Justice Russell’s reasoning on a number of points is instructive for those seeking to challenge government, even outside the courts. The case could turn on the interpretation of the word “may” in s.18 of the Bank of Canada Act which, as stated, sets out the Bank’s powers.
Justice Russell commented “even if s.18 of the Bank Act is permissive, this does not dispose of the allegations of improper handing-off to international institutions. ‘May’ is usually permissive, but it is not invariably so, and full legal argument on a full evidentiary record is required before the Court can decide what the Bank Act requires of the Government and those involved in applying and interpreting that statute.”
The Government of Canada appealed the judge’s decision.
In January 2015 Rocco Galati argued this cause before the Federal Court of Appeal. On the right to proceed for declaratory relief on the several claims, COMER won a unanimous decision. Government did not apply for permission to appeal this decision to the Supreme Court of Canada within the allotted time period. So COMER has again filed its statement of claim at the first level of the Federal Court, this time to proceed on the merits of the case. Government will undoubtedly contest this action on the merits.
Should we put faith in our judicial system or, as John Ralston Saul asks, are we now facing “the collapse of the last meaningful edges of democracy” as we await the outcome?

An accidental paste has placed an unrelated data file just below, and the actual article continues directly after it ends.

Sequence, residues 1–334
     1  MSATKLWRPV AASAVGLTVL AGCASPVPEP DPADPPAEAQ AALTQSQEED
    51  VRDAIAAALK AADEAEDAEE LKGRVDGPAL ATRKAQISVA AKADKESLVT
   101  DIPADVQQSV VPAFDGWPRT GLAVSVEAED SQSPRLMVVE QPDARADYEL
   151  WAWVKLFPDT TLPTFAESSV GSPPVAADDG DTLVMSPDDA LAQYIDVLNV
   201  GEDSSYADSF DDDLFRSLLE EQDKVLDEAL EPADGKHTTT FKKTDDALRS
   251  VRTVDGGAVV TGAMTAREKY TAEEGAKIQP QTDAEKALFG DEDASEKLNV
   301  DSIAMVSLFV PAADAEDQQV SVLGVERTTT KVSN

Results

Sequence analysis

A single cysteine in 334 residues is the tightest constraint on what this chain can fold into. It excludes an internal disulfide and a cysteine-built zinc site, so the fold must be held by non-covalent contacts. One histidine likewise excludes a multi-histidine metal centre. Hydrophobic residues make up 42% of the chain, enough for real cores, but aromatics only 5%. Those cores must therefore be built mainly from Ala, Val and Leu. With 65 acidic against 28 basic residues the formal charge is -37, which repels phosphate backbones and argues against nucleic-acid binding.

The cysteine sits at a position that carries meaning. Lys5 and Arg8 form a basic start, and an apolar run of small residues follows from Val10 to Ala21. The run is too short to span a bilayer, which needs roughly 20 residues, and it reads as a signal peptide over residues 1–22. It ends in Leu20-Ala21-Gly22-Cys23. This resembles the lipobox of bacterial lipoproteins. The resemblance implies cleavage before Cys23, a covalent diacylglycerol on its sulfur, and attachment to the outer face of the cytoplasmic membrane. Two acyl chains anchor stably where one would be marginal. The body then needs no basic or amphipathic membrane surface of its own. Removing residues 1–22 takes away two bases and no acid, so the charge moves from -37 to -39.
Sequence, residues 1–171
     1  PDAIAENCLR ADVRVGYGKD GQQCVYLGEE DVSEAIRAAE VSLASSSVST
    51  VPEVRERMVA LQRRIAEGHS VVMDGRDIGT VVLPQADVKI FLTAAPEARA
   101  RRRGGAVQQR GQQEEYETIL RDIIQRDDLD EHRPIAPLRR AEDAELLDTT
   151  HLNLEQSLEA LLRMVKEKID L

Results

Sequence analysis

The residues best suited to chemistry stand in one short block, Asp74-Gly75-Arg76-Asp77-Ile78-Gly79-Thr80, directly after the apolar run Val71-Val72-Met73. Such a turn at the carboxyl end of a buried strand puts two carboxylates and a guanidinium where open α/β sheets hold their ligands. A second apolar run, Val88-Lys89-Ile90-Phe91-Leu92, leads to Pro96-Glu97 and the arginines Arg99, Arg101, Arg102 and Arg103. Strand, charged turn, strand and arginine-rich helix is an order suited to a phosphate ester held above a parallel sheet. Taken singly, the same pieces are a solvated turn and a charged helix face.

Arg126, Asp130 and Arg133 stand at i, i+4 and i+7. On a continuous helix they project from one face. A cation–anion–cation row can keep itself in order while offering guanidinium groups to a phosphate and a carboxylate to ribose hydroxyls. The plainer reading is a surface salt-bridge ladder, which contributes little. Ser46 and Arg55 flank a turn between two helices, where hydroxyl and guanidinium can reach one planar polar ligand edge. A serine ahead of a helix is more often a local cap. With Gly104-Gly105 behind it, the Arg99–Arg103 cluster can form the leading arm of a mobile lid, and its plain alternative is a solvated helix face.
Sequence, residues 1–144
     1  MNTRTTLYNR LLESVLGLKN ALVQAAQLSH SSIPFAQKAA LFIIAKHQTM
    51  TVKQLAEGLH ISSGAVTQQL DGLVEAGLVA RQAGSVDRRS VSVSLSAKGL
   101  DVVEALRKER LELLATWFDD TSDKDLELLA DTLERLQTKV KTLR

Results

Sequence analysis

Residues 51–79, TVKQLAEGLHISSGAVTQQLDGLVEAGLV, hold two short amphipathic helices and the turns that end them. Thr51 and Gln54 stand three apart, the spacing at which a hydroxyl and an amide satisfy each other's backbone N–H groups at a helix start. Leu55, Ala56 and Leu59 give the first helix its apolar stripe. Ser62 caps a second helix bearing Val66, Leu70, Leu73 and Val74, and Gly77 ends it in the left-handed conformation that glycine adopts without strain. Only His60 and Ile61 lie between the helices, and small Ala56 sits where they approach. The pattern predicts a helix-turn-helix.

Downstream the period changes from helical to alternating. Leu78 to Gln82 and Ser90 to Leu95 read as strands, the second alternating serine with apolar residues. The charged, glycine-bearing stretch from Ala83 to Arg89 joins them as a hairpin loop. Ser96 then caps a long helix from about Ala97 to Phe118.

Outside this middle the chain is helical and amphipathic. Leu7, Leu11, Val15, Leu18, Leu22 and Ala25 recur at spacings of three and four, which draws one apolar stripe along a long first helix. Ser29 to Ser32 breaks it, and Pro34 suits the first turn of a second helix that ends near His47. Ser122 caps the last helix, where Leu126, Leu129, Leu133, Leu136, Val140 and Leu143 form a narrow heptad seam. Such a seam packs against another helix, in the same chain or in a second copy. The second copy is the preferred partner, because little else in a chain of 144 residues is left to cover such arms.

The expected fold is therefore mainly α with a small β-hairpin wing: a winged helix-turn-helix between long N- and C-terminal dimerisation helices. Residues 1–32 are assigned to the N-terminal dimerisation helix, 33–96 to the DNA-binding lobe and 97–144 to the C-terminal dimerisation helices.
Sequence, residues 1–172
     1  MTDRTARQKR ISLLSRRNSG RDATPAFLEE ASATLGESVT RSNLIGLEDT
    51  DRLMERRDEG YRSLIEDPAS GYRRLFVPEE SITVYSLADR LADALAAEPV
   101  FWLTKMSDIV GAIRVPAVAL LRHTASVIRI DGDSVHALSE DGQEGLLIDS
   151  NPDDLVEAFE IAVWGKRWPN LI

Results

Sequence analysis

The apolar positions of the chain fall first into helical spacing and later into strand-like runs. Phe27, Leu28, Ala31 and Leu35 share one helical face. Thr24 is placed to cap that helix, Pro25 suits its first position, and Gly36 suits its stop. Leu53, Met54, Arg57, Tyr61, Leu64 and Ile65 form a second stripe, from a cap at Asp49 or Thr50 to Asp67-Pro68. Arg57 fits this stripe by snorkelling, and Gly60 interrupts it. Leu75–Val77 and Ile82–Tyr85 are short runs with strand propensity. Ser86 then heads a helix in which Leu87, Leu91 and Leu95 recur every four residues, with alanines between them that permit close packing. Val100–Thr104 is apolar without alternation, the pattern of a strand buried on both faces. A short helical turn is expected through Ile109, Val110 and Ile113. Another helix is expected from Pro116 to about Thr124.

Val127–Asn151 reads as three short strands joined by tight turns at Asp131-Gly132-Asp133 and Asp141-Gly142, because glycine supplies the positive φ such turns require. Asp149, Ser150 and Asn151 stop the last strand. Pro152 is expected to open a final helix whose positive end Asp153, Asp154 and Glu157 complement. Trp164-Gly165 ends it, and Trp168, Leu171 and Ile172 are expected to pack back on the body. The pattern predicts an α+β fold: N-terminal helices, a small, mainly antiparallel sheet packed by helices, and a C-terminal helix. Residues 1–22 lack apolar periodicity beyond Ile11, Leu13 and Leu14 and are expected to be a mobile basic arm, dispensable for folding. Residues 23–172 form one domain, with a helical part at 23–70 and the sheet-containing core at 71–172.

The case has garnered widespread attention partly because of the growing interest in the reach of international institutions into national affairs. Furthermore the BIS meetings of its 60 member states are held in secret with no accounting to their governments, and no representation nor votes for their citizens.
Given the fiscal, economic, social and democratic deterioration that Canadians — and others — have experienced beginning in the mid-70s we ask was it grounded in the exponential increase in government debt that resulted from “commitments” of the BIS member states? What other orders have come from such international organizations? Regardless, governments’ ceding of their critical powers and responsibilities to foreign entities, in fiscal, monetary or trade matters must be challenged.
On May 13 an update to this case by Rocco Galati was published on the COMER website. In brief, Government has indicated it will again move to strike the claim, challenging Justice Russell’s finding of justiciability, upheld by the Federal Court of Appeal, and on other grounds already removed from the original claim.
Galati has requested that any such motion be placed before Justice Russell, and is seeking leave to the Supreme Court of Canada on behalf of his clients “from the Federal Court of Appeal, for not having simply ordered the matter to proceed to trial, on the main justiciable issues, rather than maintain the striking of the claim (the secondary claim referred to above) and order an amended statement of claim” — given that the order had already been complied with in the filing of the amended statement of claim. Galati terms Government’s latest action as “abusive.”
Judy Kennedy is a retired lawyer, former member of the Canadian Centre for Policy Alternatives-Nova Scotia Steering Committee, and supporter of COMER’s action.